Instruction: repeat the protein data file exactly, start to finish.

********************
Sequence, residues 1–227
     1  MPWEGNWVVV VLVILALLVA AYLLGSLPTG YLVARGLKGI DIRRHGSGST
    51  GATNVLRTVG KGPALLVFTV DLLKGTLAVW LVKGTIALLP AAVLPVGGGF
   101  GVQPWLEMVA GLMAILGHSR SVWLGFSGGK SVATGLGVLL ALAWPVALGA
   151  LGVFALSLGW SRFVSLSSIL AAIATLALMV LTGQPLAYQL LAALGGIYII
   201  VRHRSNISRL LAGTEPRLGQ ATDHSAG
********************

Sequence, residues 1–227
     1  MPWEGNWVVV VLVILALLVA AYLLGSLPTG YLVARGLKGI DIRRHGSGST
    51  GATNVLRTVG KGPALLVFTV DLLKGTLAVW LVKGTIALLP AAVLPVGGGF
   101  GVQPWLEMVA GLMAILGHSR SVWLGFSGGK SVATGLGVLL ALAWPVALGA
   151  LGVFALSLGW SRFVSLSSIL AAIATLALMV LTGQPLAYQL LAALGGIYII
   201  VRHRSNISRL LAGTEPRLGQ ATDHSAG